On corruption, PAC notes that there is a perception that the current regime may not be doing enough to deal with the vice.
“There are arguments that while the current regime managed to bring political space, corrupt practices remain high in various institutions. This development links to the issue of declaration of assets.
“The very reason that this country has been very slow to implement proposals and recommendations surrounding declaration and disclosure of assets provides a fertile ground for concluding that people in high authorities take pride in corrupt practices,” reads the document.
This year’s Corruption Perception Index (CPI) report puts Malawi on number 88 out of 176 territories, representing a 12-step improvement from last year’s report.
PAC also cautions government about the awarding of contracts, which it says are not being awarded objectively.
“There is a perception that contracts are awarded to those that are close to government machinery and perhaps those that have close links with the ruling party. We wish to appeal that if this practice exists, it should be avoided and stopped altogether so that all Malawians benefit based on merit,” reads the document.
The religious grouping is also concerned about the President’s frequent travels both locally and internationally.
“There is perception out there that your government may not have performed well on controlling expenditure in this regard. We are aware that now it will be difficult for you to reduce number of your trips given that political campaigns seem to have already started. There is fear, therefore, that more public resources may be used on party campaigns,” reads the document.
Picking running mates
The grouping also told the President that it was necessary that running mates to presidential candidates should be known within reasonable time to allow voters to know “who is likely to rule the country should the State President become incapacitated.”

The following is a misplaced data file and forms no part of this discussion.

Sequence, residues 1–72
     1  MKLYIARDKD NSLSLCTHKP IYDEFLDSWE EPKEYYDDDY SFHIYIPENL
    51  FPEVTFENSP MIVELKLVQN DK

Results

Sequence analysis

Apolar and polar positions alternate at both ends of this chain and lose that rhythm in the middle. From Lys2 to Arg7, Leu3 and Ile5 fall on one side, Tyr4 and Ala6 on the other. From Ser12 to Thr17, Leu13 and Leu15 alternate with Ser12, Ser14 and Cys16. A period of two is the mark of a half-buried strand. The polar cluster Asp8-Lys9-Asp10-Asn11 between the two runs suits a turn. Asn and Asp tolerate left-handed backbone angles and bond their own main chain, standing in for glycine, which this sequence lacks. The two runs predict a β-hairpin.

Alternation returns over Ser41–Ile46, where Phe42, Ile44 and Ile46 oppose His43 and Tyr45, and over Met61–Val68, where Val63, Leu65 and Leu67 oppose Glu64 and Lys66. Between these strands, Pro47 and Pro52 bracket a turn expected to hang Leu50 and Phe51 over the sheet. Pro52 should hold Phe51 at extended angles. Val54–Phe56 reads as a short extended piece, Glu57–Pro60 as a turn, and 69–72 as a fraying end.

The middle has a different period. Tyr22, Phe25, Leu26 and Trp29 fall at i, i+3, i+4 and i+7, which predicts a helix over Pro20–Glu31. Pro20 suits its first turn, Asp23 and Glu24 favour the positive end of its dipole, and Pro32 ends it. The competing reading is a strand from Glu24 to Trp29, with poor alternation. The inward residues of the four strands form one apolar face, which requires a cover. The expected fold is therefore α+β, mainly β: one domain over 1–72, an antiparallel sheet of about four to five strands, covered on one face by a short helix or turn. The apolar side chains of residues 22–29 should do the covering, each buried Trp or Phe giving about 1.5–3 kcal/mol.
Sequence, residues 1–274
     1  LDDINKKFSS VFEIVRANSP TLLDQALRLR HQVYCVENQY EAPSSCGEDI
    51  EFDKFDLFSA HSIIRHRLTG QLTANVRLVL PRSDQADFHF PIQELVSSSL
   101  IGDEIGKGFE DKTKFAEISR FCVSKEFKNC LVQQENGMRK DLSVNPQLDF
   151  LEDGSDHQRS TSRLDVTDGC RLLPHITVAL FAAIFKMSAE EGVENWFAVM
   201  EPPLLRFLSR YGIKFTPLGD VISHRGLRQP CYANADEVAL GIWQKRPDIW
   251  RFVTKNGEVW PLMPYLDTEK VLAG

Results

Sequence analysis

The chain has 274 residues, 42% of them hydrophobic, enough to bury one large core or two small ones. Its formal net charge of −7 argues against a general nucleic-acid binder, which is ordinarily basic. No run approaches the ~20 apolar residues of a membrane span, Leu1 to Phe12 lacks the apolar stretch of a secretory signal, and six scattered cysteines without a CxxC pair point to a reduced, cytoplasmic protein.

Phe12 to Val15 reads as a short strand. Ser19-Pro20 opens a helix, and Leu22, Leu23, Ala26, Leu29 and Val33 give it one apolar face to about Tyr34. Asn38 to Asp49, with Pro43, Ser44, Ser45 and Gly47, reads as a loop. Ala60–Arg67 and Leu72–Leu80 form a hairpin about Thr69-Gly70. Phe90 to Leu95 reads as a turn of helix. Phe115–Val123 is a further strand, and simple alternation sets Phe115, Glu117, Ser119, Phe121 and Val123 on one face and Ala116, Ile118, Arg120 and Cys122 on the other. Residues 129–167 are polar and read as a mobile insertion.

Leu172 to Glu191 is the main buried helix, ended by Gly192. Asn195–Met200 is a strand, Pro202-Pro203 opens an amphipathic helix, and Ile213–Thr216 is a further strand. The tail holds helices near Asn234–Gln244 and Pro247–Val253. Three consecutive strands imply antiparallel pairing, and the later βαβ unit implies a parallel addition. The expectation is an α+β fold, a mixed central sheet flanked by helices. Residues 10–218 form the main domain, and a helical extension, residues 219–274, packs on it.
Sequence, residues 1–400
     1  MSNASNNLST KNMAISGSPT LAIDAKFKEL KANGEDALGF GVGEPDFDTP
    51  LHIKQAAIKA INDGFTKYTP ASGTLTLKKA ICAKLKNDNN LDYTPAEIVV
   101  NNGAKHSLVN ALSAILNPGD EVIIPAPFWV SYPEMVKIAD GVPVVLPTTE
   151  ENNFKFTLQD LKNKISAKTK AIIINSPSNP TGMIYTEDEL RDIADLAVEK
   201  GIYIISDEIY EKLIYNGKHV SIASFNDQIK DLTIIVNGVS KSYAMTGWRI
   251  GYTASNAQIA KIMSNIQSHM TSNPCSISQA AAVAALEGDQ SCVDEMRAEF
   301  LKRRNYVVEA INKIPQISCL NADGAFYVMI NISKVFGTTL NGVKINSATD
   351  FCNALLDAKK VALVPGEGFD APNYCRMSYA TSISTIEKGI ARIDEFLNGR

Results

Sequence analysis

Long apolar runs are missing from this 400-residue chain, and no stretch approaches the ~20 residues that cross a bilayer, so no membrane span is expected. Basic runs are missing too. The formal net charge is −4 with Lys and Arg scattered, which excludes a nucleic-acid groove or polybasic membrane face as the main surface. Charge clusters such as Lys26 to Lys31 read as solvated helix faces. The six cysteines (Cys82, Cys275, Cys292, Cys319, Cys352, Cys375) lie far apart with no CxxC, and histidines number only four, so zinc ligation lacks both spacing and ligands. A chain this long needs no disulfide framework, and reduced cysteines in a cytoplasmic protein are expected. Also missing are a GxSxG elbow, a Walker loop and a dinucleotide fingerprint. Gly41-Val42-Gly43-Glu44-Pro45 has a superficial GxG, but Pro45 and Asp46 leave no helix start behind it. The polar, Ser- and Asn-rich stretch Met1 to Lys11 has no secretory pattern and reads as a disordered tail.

PAC also raised the issue of the promotion of traditional leaders, asking the President to clarify how she intends to remove the fears that the exercise was being politicised.
On maize shortage, the body wanted a briefing from the head of State on how prepared the country was to deal with the looming hunger and get an assurance that the staple would be available.
PAC asked Banda to explain the allegations that her government was planning to push cases against some Democratic Progressive Party (DPP) members, especially the presidential candidate Peter Mutharika, as the country moves towards the polling date in 2014.
“Your Excellency, in the eyes of PAC, the above perennial issues will be our benchmark in transformative leadership. We will bring these issues to all political parties in a constructive fashion so that we know how long it will it take to deal with these issues if they go in power,” reads the document.
PAC publicity secretary, Rev. Fr. Peter Mulomole, who was also leader of delegation, confirmed that the issues raised with the President included declaration of assets not only by the State President, but also other public officers who are required by law to declare their assets.
Mulomole said PAC also raised the issue of the ruling party’s abuse of Malawi Broadcasting Corporation (MBC), especially now that the country is preparing for tripartite elections next year.
“As PAC, we are satisfied with the way the discussion went. We think we listened to each other and to PAC, that is very important,” said Mulomole.
As we went to press, State House press secretary Steve Nhlane had not answered our questionnaire that sought the President’s reaction to the issues raised by PAC.